IVR Continues to Improve on Voice Recognition, Needs to Work on Typing Mechanisms
April 15, 2010
While it's no surprise that many people are less than pleased to hear an interactive voice response, or "IVR," system when they are hoping to get a live person, over the past few years, IVR has done its best to ramp up efforts to increase its systems and offer users a more simple, versatile platform.
For example, IVR provider Angel.com recently revamped its Caller First Analytics, a fully integrated, business intelligence analytics reporting capability from MicroStrategy (News - Alert) for voice solutions offers unique, robust analytics designed to deliver unprecedented ability to make better decisions and implement improvements based on insight into the performance of voice applications.
Here, an IVR company did what many users lack when dealing with an IVR system - they put the caller first.
However, for senior Intel (News - Alert) executive, David Perlmutter, who also experiences some frustrating IVR systems, he not only feels the pain of often frustrated IVR users, but thinks the underlying issue with system that don't put the caller first, is that it creates bigger obstacles to people working more naturally with computers.
"Typing is not necessarily natural," Perlmutter said during an interview at the Intel Developer Forum in Beijing, adding that handwriting and voice recognition will make it much easier for people to use computers, but there seems to be a disconnect between finding the right algorithms and a capable system.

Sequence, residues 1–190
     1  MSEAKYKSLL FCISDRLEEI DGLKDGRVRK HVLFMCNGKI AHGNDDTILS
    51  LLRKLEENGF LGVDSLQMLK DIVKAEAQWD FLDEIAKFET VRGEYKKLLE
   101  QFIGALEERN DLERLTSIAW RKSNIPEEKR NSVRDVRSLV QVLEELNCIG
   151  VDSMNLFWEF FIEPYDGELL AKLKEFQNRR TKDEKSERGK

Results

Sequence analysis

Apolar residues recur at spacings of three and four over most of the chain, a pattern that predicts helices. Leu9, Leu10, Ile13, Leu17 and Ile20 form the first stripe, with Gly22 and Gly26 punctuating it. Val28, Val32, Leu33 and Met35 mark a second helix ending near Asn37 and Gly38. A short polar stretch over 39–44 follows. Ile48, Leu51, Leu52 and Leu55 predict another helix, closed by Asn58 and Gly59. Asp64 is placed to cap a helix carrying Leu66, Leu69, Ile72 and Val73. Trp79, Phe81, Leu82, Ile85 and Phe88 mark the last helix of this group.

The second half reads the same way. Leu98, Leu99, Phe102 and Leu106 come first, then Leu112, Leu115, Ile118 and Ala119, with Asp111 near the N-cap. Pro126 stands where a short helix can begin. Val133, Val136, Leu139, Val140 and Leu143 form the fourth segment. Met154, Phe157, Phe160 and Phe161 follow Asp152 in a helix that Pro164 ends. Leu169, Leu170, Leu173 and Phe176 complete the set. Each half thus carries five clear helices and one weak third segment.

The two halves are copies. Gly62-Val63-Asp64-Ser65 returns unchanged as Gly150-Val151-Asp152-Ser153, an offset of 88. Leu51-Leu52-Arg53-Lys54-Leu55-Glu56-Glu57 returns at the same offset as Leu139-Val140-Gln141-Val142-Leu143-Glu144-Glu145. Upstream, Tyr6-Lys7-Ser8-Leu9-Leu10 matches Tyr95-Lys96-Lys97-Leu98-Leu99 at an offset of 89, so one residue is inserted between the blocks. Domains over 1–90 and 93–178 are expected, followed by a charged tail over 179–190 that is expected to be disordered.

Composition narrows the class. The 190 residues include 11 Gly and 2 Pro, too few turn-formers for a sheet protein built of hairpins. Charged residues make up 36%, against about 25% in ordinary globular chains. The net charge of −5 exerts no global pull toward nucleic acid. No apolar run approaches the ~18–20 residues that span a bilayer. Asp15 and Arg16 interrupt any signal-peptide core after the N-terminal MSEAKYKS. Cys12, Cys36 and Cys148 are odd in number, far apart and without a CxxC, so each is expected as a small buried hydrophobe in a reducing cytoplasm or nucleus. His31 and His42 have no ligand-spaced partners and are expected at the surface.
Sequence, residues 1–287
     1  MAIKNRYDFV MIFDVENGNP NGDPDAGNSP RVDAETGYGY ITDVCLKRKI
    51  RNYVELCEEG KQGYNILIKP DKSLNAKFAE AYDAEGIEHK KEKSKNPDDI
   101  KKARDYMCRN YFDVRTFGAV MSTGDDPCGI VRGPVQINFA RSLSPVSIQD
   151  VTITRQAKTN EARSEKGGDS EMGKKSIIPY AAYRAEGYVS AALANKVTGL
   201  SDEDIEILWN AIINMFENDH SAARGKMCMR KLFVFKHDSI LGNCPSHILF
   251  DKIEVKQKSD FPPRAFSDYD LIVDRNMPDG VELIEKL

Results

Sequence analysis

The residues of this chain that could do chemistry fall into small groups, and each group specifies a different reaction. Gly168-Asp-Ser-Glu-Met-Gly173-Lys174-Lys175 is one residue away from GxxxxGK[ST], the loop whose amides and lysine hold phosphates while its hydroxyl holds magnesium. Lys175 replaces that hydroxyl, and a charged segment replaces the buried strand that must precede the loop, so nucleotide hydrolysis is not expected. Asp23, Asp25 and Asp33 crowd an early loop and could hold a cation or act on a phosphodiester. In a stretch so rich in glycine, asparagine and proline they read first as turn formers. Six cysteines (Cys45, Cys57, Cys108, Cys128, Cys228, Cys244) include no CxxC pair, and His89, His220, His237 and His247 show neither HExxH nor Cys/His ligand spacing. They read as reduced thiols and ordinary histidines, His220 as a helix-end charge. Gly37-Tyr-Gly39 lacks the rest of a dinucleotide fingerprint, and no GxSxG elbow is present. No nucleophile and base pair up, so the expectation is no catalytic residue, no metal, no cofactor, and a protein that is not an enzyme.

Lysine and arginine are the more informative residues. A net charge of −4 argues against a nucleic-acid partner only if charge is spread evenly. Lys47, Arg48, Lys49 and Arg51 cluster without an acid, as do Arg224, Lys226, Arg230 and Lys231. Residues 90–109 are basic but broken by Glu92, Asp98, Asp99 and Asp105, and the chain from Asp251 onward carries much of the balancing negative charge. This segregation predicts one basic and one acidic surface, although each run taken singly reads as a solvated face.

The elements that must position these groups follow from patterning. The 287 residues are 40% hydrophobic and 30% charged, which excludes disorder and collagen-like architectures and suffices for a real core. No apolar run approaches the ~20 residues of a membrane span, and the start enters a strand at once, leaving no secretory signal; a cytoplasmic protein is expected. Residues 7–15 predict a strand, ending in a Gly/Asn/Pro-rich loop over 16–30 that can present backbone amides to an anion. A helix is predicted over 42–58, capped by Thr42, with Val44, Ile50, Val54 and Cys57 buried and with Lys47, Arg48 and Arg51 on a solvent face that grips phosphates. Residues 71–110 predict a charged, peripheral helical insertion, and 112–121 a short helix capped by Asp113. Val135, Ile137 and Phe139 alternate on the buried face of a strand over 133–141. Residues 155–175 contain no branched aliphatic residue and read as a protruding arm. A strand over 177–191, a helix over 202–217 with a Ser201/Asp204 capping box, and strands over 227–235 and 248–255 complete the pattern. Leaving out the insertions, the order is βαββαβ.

While the problem still persists - and may even do so for some time coming - there is constantly work being done to upgrade these new systems to improve automated banking, airline ticketing and voice commands for many other companies.
Despite all of the improvements on the voice side of IVR, the typing mechanisms still need a boost.
Perlmutter, co-general manager of the Intel Architecture group and seen as a potential successor for company CEO, believes the human-to-machine interface, beyond voice, will improve in coming years. The world is already moving from text to mouse to touchscreen and "we'll continue to move into more gesture recognition," he said.
Kelly McGuire is a TMCnet Web editor, covering CRM and workforce technologies, and anchor of its daily TMC Newsroom video broadcast. Kelly also writes about eco-friendly "green" technologies and smart grids, compiling TMCnet's weekly e-Newsletters on those topics, as well as the cable industry. To read more of Kelly's articles, please visit her columnist page.
Edited by Kelly McGuire